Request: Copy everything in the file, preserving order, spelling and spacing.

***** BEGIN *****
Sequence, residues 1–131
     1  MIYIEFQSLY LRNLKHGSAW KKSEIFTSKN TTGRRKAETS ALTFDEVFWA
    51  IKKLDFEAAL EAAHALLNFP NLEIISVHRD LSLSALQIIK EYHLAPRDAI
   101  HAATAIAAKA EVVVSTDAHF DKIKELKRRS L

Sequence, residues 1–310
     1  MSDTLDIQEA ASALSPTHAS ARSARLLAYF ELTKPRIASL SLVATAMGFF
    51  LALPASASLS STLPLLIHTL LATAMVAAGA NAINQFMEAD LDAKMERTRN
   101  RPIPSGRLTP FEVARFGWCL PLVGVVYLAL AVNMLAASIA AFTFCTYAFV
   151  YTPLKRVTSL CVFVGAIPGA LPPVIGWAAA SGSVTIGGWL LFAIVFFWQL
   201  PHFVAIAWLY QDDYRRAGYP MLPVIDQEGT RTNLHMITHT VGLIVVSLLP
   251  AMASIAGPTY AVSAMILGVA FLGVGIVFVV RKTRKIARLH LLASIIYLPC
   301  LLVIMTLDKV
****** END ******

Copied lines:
Sequence, residues 1–131
     1  MIYIEFQSLY LRNLKHGSAW KKSEIFTSKN TTGRRKAETS ALTFDEVFWA
    51  IKKLDFEAAL EAAHALLNFP NLEIISVHRD LSLSALQIIK EYHLAPRDAI
   101  HAATAIAAKA EVVVSTDAHF DKIKELKRRS L

Sequence, residues 1–310
     1  MSDTLDIQEA ASALSPTHAS ARSARLLAYF ELTKPRIASL SLVATAMGFF
    51  LALPASASLS STLPLLIHTL LATAMVAAGA NAINQFMEAD LDAKMERTRN
   101  RPIPSGRLTP FEVARFGWCL PLVGVVYLAL AVNMLAASIA AFTFCTYAFV
   151  YTPLKRVTSL CVFVGAIPGA LPPVIGWAAA SGSVTIGGWL LFAIVFFWQL
   201  PHFVAIAWLY QDDYRRAGYP MLPVIDQEGT RTNLHMITHT VGLIVVSLLP
   251  AMASIAGPTY AVSAMILGVA FLGVGIVFVV RKTRKIARLH LLASIIYLPC
   301  LLVIMTLDKV